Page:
The U.S. Equal Employment Opportunity Commission (EEOC) is a federal agency responsible for enforcing and administering civil rights laws that prohibit workplace discrimination. Federal laws enforced by this agency prohibit discriminatory practices towards job applicants or employees based on his or her color, race, religion, sex (including gender identity, pregnancy, and sexual orientation), age, disability, or genetic information.
Discrimination against individuals who complained about discrimination, filed a charge of discrimination, or participated in an investigation of these claims, is also prohibited.
Employers with at least 15 employees (20 employees in age discrimination cases) are compliant with the EEOC laws.
History of The Equal Employment Opportunity Commission
The forerunner of the EEOC, the President’s Committee on Equal Employment Opportunity, was established on March 6, 1961, when President John F. Kennedy signed the Executive Order 10925, which required government contractors to “take affirmative action to ensure that applicants are employed and employees are treated during employment without regard to their race, creed, color, or national origin.”
Vice president Lyndon Johnson was appointed the head of this agency.
The EEOC was established July 2, 1965. Its mandate is specified under Title VII of the Civil Rights Act of 1964, the Rehabilitation Act, the Age Discrimination in Employment Act (ADEA), the Americans with Disabilities Act (ADA), and the ADA Amendments Act.
Headquarters of the EEOC are in Washington D.C. with 53 field offices serving every part of the US.
Role and authority of The Equal Employment Opportunity Commission
The EEOC investigates discriminations charges and complaints based on an individual’s race, sex, gender identity, sexual orientation, national origin, and retaliation for reporting and opposing discriminatory practices. The role of the EEOC is to assess the allegations in the charge fairly and accurately and try to settle the charge if the discrimination occurred.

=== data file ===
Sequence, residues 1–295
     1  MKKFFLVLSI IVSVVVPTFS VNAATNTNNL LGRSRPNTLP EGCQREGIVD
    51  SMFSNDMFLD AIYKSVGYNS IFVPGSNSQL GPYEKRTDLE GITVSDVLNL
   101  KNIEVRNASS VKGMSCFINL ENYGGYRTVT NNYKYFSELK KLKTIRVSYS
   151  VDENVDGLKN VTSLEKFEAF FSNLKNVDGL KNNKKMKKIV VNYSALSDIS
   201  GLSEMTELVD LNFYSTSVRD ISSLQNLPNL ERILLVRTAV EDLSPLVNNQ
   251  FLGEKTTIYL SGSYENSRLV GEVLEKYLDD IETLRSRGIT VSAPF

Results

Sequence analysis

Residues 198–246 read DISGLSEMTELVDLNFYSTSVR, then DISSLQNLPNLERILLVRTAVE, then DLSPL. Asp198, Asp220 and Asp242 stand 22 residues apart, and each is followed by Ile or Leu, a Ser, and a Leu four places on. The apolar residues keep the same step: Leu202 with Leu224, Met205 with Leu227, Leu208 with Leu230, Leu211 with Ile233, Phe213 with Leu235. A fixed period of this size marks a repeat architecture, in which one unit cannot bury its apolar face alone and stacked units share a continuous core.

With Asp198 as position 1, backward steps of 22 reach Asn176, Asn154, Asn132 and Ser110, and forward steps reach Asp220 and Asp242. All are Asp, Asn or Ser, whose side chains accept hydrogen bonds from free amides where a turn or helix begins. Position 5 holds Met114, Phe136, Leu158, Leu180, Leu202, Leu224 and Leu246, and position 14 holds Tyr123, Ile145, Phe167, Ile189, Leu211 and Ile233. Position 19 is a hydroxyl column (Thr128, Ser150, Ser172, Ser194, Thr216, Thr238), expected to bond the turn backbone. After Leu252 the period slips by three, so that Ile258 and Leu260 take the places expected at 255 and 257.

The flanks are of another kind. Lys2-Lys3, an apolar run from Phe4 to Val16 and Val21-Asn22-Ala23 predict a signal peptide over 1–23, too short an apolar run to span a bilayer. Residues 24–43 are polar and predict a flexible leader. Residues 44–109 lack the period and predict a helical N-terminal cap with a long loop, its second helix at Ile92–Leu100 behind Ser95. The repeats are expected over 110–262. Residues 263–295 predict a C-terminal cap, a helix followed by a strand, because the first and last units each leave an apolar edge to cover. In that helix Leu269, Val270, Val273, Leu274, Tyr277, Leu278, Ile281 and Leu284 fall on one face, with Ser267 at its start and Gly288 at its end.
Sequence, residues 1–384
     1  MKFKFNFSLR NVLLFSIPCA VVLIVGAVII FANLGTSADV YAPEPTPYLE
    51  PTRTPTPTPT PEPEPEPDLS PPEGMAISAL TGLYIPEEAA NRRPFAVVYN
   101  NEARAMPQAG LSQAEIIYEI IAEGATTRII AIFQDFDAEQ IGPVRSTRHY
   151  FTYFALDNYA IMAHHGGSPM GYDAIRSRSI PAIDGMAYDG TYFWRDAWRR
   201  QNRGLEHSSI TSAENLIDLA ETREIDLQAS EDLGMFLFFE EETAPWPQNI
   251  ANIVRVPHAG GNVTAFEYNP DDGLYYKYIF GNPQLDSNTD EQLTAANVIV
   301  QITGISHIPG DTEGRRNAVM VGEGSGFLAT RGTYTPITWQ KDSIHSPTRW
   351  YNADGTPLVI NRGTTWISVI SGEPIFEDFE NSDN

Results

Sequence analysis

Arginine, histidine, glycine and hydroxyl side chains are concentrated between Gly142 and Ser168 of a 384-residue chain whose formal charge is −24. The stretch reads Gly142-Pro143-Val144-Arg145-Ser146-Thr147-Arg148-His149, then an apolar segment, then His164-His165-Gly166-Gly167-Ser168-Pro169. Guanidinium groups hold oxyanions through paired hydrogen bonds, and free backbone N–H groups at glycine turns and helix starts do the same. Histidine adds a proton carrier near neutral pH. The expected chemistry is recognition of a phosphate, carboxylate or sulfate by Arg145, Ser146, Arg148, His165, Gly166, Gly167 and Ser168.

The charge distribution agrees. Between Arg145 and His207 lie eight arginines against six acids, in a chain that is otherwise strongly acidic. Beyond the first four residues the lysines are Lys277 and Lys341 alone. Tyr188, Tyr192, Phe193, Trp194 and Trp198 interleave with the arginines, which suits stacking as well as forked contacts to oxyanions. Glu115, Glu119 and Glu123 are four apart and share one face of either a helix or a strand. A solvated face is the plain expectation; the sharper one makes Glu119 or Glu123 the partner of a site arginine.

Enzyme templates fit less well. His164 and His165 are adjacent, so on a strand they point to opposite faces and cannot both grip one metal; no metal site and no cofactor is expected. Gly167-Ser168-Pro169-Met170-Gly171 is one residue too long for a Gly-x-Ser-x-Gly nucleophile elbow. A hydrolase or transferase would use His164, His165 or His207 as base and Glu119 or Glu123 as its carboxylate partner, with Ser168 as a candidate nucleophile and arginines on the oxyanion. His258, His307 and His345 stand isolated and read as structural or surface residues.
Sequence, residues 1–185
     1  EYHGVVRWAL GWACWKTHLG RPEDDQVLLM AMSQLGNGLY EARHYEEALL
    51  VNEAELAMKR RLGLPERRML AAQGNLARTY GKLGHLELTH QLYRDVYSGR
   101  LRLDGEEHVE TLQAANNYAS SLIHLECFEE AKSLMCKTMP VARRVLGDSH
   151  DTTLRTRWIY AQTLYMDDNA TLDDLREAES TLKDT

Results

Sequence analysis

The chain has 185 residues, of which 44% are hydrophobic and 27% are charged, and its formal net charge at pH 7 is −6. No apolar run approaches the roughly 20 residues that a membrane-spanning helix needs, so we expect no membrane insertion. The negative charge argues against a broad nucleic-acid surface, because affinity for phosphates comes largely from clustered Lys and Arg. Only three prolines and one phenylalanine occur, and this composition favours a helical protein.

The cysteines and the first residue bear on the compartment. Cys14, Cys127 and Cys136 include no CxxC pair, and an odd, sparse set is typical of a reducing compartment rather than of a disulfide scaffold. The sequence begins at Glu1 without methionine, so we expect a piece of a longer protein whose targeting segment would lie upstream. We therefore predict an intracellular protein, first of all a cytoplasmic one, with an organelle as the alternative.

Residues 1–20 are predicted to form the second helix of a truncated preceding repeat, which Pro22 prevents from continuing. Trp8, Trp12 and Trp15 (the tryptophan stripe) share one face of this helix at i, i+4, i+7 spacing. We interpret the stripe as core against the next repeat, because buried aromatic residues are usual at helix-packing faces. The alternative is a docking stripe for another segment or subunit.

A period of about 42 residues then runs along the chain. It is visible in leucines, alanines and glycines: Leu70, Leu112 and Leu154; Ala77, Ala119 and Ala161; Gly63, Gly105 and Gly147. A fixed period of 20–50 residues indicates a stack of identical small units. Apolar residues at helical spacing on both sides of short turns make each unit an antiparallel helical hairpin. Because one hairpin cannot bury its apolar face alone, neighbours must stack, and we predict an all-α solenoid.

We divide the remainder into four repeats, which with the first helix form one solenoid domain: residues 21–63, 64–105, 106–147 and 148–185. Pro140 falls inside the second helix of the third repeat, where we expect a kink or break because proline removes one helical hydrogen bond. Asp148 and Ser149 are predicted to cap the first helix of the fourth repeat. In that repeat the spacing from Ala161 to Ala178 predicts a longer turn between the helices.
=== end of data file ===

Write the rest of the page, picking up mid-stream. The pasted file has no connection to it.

The EEOC has the authority to file a lawsuit to protect the rights of individuals or public interest if the settling fails.
Filing a charge with the EEOC
If you are considering taking action in front of the EEOC, it is well advised to consult a labor law attorney in your area. Procedures and deadlines vary from state to state, and they also depend on whether your employee is a private company, state or local government, union or federal government.
The process has several steps:
- Mediation – after you file a charge, within 10 days of the filing date, the EEOC notifies the employer, and suggest a mediator that will try and settle the case.
- Investigation – if the mediation does not resolve the charge, the EEOC asks the employer for a written statement about your claims (known as “Respondent’s Position Statement”).
The way of investigating the charge depends on the nature of the case, and it usually consists of gathering documents from your employer, gathering witness statements, etc. On average, it takes approximately 10 months to complete the investigation, after which you and the employer are notified about the results.
- Adding to your charge – if new events that you believe are discriminatory take place after the charge is filled, the EEPC will add them to the charge and investigate them. This is called “amending” a charge.
- Subpoena – if your employer does not cooperate with the EEOC investigators, EEOC can issue a subpoena to obtain relevant information — documents, testimony, or gain access to facilities.
- Notice of Right to Sue – in some cases, you will need this notice in order to file a valid lawsuit against your employer. This obligation depends on the basis of your claim – if you are filing under Title VII or Americans with Disabilities Act, you must obtain this notice, while in the cases of age and equal pay discrimination it is not mandatory. For more information contact a labor law specialist in your area.
Filing a lawsuit
If the EEOC is not able to determine if the discrimination occurred, you will receive a Notice of Right to Sue, which allows you to file a lawsuit. In some situations when it is determined that the law may have been violated, EEOC refers the case to their legal staff, who decides whether the agency should file a lawsuit on your behalf. Again, if EEOC decides not to file a lawsuit, you will be given a Notice of Right to Sue, and you can take court action.
Law Offices of Eddy Marban have 30 years of experience litigating in employment cases. Our experienced lawyers will guide you through processes in front of The Equal Employment Opportunity Commission and, if necessary, represent you in court.
Contact us, and schedule your free consultation today!